Sometimes I’m writing an IO loop in Haskell, and I need some sort of a counter or accumulator. The two main options are to use a mutable reference (IORef) or to put a StateT transformer on top the IO monad.
I was curious, though, if there was a difference in efficiency between these two approaches. Intuitively, IORefs are dedicated heap objects, while a StateT transformer’s state becomes “just” a local variable, so StateT might optimize better. But how much of a difference does it make?
So I benchmarked the four functions, all of which calculate the sum of numbers between 1 and
n = 1000.
base_sum simply calls
sum from the base package;
stateT_sum maintain the accumulator using the
State Int and
StateT Int IO monads, respectively, and
ioref_sum uses an
IORef within the
IO monad. And here are the results, as reported by criterion.
I’m not sure how
stateT_sum manages to be faster than
base_sum (this doesn’t appear to be a statistical fluke), but what’s clear is that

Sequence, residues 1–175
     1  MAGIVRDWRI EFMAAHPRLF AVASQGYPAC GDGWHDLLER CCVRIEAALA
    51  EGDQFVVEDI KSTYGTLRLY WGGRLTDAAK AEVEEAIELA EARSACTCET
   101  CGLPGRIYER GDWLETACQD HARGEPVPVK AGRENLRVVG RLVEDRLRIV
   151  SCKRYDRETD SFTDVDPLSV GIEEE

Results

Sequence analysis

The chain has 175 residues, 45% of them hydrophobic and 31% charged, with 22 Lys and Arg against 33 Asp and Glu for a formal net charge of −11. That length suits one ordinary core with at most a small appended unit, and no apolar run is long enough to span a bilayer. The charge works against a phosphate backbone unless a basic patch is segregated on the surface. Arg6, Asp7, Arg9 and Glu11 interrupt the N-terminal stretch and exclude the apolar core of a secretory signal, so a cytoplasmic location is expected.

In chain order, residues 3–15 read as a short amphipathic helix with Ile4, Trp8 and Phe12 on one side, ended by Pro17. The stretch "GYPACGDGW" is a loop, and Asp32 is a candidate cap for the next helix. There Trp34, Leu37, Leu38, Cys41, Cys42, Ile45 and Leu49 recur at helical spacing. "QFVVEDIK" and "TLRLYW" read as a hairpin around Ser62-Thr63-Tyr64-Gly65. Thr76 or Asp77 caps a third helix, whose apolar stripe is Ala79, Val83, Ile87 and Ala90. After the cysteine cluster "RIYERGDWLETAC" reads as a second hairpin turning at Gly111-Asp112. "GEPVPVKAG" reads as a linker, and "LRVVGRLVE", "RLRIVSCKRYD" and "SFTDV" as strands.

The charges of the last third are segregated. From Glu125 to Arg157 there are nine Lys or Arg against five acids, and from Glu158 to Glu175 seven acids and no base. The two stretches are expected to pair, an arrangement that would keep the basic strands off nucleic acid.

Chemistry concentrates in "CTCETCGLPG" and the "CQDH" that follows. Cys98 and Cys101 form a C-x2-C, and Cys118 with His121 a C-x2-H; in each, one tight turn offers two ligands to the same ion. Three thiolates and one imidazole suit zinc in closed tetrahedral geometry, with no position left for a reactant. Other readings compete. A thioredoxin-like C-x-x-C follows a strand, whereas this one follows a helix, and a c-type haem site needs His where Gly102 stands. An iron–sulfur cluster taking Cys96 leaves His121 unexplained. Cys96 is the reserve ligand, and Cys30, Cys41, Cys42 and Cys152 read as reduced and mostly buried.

ioref_sum is significantly slower of them all.
So if 3ns per state access matter to you, go for
StateT even when you are in
(Update: also check out the comments on reddit, especially the ones by u/VincentPepper.)
Here’s the full benchmark code. It was compiled with
-O2 by GHC 8.8.4 and run on AMD Ryzen 7 3700X.
import Criterion import Criterion.Main import Control.Monad.State import Data.IORef base_sum :: Int -> Int base_sum n = sum [1 .. n] state_sum :: Int -> Int state_sum n = flip execState 0 $ forM_ [1..n] $ \i -> modify' (+i) stateT_sum :: Int -> IO Int stateT_sum n = flip execStateT 0 $ forM_ [1..n] $ \i -> modify' (+i) ioref_sum :: Int -> IO Int ioref_sum n = do ref <- newIORef 0 forM_ [1..n] $ \i -> modifyIORef' ref (+i) readIORef ref main = do let n = 1000 defaultMain [ bench "base_sum" $ whnf base_sum n , bench "state_sum" $ whnf state_sum n , bench "stateT_sum" $ whnfAppIO stateT_sum n , bench "ioref_sum" $ whnfAppIO ioref_sum n ]